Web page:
Robust Analysis of Fatty Acids in Milk: An Independent Lifetime Evaluation of Rt-2560 GC Columns

Published By: Restek Corporation

Year of Publication: 2019

Link: https://www.restek.com/Technical-Resources/Technical-Library/Foods-Flavors-Fragrances/fff_FFAR3047-UNV

Abstract:

The analysis of fatty acids in milk fat is an important test and this challenging matrix was used by Eurofins Analytik GmbH to evaluate the stability of Rt-2560 columns. Consistent retention times and separations were achieved even after 225 injections, demonstrating the column’s robust performance.

Restek to Present on Whole Air Sampling at AIHce 2019

Restek is pleased to be a sponsor at AIHce 2019! Our industry experts will be part of the instructor team during a day-long personal development course (PDC) on whole air sampling. If you attend PDC 113, you’ll learn why it’s an excellent alternative to traditional sampling methods, and how it provides more options to address sampling locations, conditions, and objectives. You can find details about this PDC and a link to the course description below. Register now at: https://www.aievolution.com/aih1901/index.cfm?do=ev.viewEv&ev=1602

If you are unable to attend the PDC, please stop by our booth to learn about Aura, a recently NIOSH-adopted technology for personal whole air sampling. We will gladly discuss how our collaborative research and development with Dr. Alan Rossner at Clarkson University resulted in a whole air sampling device that has now been written into NIOSH Method 3900!  We hope you can join us for this exciting conference on protecting workers’ health and to hear how our research and development have been contributing to this effort!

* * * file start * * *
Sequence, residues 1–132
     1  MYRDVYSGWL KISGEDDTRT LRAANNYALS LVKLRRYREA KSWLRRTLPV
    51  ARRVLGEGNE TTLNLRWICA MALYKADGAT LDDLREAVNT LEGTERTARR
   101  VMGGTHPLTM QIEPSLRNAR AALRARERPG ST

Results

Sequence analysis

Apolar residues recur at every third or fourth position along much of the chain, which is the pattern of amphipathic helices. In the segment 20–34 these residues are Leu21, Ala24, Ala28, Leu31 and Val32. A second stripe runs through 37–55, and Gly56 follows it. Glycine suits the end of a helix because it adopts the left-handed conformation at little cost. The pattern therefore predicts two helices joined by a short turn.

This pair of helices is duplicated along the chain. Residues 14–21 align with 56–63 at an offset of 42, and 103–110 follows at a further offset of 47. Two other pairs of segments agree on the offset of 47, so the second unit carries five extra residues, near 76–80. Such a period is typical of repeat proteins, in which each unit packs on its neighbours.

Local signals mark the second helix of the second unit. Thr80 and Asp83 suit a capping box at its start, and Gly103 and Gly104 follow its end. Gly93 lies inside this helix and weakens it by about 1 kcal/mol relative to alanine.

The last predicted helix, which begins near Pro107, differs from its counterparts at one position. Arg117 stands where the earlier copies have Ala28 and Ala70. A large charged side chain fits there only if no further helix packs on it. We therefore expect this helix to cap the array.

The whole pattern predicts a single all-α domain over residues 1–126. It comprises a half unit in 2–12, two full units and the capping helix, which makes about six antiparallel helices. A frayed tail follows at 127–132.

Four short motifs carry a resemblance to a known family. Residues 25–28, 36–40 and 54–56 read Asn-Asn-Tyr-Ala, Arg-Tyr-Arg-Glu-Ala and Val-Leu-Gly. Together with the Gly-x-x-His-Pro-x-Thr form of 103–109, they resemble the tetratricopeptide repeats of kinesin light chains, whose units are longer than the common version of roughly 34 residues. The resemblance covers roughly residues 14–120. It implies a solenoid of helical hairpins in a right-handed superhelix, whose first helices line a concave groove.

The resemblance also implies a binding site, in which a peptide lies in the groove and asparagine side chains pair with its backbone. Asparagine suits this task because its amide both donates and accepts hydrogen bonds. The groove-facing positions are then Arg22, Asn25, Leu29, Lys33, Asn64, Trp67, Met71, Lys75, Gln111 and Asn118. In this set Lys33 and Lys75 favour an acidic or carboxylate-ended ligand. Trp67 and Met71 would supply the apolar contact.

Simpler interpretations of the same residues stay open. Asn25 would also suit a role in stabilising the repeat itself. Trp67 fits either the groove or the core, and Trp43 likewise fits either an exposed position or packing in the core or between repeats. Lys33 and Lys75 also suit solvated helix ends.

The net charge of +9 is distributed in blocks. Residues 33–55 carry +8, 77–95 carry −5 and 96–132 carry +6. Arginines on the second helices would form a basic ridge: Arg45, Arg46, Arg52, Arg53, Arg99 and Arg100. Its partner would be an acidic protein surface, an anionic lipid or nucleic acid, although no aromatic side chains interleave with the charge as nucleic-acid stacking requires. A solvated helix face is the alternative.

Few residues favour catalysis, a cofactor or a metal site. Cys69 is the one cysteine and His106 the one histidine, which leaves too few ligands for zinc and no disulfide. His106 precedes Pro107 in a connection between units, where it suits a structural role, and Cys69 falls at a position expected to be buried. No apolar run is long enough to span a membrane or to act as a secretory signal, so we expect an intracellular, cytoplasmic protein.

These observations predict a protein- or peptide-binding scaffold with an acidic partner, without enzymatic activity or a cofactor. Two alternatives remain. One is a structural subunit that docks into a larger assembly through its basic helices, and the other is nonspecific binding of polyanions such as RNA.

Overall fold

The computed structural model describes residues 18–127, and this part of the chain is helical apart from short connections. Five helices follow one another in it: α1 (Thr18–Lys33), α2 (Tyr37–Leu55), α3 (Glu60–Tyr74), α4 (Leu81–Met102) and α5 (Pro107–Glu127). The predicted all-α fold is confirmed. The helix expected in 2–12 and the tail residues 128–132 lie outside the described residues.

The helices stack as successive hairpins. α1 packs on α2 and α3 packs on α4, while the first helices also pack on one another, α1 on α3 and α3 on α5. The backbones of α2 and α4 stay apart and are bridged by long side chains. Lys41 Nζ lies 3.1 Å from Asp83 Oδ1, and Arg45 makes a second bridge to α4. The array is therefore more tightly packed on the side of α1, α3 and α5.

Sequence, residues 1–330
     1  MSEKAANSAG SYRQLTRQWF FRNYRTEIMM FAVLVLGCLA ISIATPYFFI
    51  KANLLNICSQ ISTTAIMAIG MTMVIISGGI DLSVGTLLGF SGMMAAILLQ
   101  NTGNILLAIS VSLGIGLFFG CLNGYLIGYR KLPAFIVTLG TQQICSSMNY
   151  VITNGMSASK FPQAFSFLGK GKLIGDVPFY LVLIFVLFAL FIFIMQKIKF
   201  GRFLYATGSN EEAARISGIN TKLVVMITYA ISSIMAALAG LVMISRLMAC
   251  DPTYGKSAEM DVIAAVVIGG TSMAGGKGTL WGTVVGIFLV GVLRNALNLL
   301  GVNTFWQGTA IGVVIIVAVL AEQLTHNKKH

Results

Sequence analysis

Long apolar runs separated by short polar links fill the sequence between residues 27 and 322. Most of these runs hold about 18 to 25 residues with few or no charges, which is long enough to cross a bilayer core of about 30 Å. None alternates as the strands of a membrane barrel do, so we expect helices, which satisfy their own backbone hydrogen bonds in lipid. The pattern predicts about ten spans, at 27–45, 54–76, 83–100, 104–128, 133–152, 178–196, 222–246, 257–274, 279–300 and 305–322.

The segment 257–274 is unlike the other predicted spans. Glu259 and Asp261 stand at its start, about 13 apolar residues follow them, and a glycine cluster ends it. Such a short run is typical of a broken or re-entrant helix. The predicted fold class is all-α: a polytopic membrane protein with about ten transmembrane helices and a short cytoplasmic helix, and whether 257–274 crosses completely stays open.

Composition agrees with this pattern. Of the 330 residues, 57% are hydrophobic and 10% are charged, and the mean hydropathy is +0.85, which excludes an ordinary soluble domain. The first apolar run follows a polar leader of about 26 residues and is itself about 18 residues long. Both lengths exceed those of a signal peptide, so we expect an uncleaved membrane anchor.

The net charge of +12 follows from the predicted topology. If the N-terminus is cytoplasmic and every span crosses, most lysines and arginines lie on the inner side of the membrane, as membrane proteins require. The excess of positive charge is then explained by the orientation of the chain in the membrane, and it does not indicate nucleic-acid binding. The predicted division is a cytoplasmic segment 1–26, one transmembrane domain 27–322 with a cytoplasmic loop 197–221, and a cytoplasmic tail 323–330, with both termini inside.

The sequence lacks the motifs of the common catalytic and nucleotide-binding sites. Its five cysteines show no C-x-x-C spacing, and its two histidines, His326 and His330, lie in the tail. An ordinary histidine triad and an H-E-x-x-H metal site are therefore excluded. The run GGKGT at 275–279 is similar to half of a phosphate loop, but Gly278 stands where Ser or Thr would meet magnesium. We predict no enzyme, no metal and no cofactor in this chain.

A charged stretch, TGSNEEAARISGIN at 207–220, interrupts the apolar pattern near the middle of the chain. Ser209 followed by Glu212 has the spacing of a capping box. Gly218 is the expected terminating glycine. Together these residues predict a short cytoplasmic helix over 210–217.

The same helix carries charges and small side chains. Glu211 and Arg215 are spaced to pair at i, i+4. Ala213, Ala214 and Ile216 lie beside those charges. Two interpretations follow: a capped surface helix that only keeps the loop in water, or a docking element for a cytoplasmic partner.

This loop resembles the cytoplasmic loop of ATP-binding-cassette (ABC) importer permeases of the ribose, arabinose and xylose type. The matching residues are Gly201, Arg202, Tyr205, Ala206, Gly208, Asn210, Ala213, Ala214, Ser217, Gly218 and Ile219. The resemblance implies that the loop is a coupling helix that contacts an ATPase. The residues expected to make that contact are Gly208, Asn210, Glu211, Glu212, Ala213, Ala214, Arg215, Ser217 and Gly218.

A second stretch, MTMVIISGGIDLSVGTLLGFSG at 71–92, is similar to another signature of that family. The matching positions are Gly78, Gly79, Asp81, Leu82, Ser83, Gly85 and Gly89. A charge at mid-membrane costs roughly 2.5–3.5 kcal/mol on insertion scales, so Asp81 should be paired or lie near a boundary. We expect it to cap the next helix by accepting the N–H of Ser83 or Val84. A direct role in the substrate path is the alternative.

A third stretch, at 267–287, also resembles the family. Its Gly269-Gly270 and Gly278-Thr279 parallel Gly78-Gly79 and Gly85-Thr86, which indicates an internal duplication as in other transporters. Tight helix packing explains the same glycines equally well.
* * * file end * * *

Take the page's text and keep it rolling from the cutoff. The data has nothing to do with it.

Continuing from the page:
Stop by and visit us at booth# 1736!

Saturday, May 18 (8:00 a.m. – 5:00 p.m.)
Minneapolis Convention Center (MCC)
Room: 101A
PDC 113: Whole Air Sampling Techniques, Application, and Execution
Steve Kozel (instructor), Jason Herrington (instructor)

Description: Participants will learn why whole air sampling is an excellent alternative to traditional sampling methods. Whole air sampling provides more options to address sampling locations, conditions, and objectives. This course will provide the techniques and information necessary to make the transition to whole air sampling and use it effectively. Topics to be discussed are advantages and disadvantages of each sampler type, selecting the proper technique, laboratory analysis of whole air samples, evaluating the QC data and laboratory results, and how regulatory agencies view and use whole air sampling data.

Tuesday, May 21 (11:30 –11:55 a.m.)
Learning Pavilion – Expo Hall
Aura — A New Way to Capture Whole Personal Air Samples 
Steve Kozel (presenter), Jason Herrington (presenter), Mike Chang, Shelby Kunzi
For more information, email Steve Kozel